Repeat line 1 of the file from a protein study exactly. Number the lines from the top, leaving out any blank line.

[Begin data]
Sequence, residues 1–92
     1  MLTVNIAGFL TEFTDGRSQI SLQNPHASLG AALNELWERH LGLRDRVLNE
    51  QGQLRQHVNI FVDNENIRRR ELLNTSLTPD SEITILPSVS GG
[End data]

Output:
Sequence, residues 1–92